Wednesday, March 07, 2007

Reform Road to the White House?

This morning’s Observer featured an article comparing “reform governors” Eliot Spitzer and our neighboring executive, New Jersey Senator-turned-Governor Jon Corzine. Writer Steve Kornacki wastes no time in calling out the possible higher aspirations of both men:
There is an expression—proven throughout American history—that the road to the White House runs not through Congress but through the State House.

That certainly helps explain why Jon Corzine, five years after purchasing a U.S. Senate seat for at least $63 million, happily walked away from the world’s most exclusive club—with a year remaining on his term—to take up residence in Trenton. Or why Eliot Spitzer, the fabled “Sheriff of Wall Street,” has worked to leverage his phenomenally high-profile tenure as New York State Attorney General into a stint as Governor.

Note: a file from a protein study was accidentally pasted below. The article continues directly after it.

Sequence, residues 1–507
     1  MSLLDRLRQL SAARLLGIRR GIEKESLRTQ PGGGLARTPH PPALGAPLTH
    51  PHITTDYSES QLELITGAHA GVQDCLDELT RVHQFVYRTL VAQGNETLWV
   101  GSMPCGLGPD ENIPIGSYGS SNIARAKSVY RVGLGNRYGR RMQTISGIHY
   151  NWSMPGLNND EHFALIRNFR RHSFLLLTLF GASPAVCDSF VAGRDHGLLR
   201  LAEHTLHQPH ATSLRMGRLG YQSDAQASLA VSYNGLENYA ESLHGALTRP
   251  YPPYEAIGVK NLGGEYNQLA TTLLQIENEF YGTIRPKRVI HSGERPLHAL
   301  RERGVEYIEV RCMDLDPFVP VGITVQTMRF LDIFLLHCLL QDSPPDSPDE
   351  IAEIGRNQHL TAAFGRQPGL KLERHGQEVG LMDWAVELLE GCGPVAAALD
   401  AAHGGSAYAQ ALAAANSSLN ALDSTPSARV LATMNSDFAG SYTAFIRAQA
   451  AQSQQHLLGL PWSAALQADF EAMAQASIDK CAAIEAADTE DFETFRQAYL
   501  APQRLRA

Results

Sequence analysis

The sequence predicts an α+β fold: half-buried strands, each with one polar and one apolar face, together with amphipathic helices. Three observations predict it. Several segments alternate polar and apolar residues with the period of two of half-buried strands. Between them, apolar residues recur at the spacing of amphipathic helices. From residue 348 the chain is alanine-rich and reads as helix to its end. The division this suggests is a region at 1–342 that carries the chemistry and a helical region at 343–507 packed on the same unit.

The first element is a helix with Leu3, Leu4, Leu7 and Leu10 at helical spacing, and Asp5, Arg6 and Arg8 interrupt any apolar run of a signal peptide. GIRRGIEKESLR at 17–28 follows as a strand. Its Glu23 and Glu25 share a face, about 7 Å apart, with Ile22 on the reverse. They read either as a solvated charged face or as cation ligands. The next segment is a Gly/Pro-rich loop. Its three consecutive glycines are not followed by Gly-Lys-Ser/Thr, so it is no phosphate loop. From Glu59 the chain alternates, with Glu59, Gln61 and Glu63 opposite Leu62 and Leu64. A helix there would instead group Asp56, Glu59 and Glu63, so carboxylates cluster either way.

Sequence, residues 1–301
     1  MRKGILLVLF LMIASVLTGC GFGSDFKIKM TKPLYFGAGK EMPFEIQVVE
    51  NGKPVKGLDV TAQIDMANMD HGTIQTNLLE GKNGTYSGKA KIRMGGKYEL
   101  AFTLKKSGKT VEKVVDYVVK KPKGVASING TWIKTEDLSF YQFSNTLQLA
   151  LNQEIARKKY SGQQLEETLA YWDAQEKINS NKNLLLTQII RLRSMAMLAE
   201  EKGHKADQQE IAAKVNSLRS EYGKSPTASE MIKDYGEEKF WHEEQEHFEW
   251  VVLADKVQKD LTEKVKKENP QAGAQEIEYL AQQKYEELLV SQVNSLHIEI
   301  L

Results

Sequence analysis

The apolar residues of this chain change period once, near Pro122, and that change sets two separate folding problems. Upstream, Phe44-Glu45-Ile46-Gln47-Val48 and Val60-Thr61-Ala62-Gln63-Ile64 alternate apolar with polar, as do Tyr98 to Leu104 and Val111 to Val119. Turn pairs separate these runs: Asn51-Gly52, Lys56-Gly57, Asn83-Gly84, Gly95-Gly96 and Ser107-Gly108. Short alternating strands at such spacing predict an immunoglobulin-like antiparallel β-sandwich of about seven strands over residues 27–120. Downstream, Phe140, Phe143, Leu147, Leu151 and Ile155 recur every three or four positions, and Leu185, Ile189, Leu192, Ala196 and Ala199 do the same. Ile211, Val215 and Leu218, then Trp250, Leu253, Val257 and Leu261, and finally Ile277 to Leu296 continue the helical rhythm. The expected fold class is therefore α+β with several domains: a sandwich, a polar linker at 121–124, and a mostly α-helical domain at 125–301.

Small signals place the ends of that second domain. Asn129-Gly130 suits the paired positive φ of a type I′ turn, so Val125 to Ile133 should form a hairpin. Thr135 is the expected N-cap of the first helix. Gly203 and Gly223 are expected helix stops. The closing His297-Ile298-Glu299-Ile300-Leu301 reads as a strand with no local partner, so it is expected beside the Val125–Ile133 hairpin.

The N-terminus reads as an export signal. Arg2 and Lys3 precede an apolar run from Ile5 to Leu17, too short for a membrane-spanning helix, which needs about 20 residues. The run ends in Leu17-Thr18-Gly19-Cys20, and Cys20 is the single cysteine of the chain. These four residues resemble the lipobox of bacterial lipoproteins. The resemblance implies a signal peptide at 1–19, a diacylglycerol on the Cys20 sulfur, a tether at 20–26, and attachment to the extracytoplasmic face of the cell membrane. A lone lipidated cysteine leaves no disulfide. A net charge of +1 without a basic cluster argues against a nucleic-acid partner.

Tellingly, neither man has moved to discourage rumors that they may one day run for President. And each sees reforming the culture of state government—in some of the most dysfunctional and hack-ridden circumstances in the country—as his ticket to the national stage.
We find it fascinating that "reform" of dysfunctional state government has become such a high-profile issue that commentators see accomplishments in this area as a potential ticket to the White House.

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